What Narendra Modi is doing is akin to tapping the neglected votebank of the majority Hindus.
Indian politics has had absolute shades of minority appeasement. The politicians enjoying the riches of a fractured majority votebank have crossed limits many a times in appeasing the minorities, clearly at the cost of promoting communal divide in the country.
It is foolhardy to ignore this fact. I am confident that I am free from religion and caste biases and I am not writing this because I am a Hindu. I am writing this because I am an Indian first. Hindus, Muslims or people of any other religion or faith are equal citizens of India and there must not be preferential treatments based on religious lines, as the politicians have been doing, to a particular religion.
In a democracy with staggering number of poor people, that India is, the only criteria for preferential treatment can the social and economic conditions.
If the BJP has to come to power and if Narendra Modi has to become the next prime minister of the country, they need something to mobilize the votes that can match the huge (but not enough, as it may depose the United Progressive Alliance (UPA) government but may not guarantee the National Democratic Alliance (NDA) the 7 RCR) anti-incumbency against the Manmohan Singh led UPA government.
And for an alienated votebank, largely unaware of its rights and the power of its vote, that can be achieved through polarisation of votes on communal lines.
Polarisation of votes on the communal lines is the only factor in the prevailing sociopolitical circumstances in the country that can unite the majority Hindu votes divided along the different caste and regional lines.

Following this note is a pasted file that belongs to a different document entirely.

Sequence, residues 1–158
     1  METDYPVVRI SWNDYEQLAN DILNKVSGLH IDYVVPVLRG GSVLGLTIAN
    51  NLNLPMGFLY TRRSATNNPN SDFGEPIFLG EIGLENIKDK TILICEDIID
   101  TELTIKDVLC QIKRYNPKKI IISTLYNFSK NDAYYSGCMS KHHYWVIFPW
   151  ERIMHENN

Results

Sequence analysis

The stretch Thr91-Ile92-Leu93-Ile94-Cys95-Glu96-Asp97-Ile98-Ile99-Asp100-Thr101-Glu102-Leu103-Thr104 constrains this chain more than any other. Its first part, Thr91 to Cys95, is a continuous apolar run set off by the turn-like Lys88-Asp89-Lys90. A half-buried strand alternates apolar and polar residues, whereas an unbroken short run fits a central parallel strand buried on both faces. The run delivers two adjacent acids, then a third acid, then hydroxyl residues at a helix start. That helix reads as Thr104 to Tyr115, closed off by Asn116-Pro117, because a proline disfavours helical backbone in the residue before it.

It is not that only Narendra Modi is realizing it. Others, too, realize it but they would never be sure of getting returns as they, till now, have played the communal card of the minority appeasement politics and have no experience on dancing to the tunes of majority appeasement.
While Narendra Modi of the day is creation of the communal card of the majority appeasement politics! An intensifying ‘communal Vs secular’ debate benefits his style of politics.
It is true, the BJP did reap the benefits of the religious politics by exploiting the majority sentiments on Ram Temple issue to become one of the major political forces in the country but it doesn’t hold that ground anymore. On the other hand, Modi, though trying to reach out to the Muslims or other votebanks in recent times, has carefully continued with his Hindu hardliner image.
But, in the prevailing circumstances, the BJP is not going to play the religious card openly in the elections, and even Narendra Modi is not going to be verbose about exploiting the religious sentiments.
But, mere presence of Narendra Modi is enough to polarise the Hindu votes.
And the rest of the job of carrying out acts, the ‘push’, like ‘84 Kosi Yatra’ or ‘rallies and protests for the Ram Temple’ or ‘Kashi’ or ‘Mathura’ or ‘anti-Hindu violence in J&K’, can be done by Rashtriya Swayamsevak Sangha (RSS) or Vishwa Hindu Parishad (VHP) or some other Hindu outfits.
Modi has proved his identity as an efficient election manager in uniting the fractured Hindu votebank in Gujarat. He has, for the first time in the Indian political history, successfully sustained the majority appeasement politics by combining it with a pro-development agenda and its efficient execution.
It is true what he has been able to achieve politically in Gujarat cannot be applied for the rest of India. But the alternative premise is also equally possible that it can be applied to the rest of India.
What happens will only decide the next course of drama in the political arena of India and that leaves the doors open for extensive and wild experiments, at least, till the outcome of the next parliamentary polls.
In other words, ‘what is going to be and what is going not to be’ can only be tested on the timescale and the immediate point of reference for this on the timescale is going to be the next parliamentary polls.
©/IPR: Santosh Chaubey – https://santoshchaubey.wordpress.com/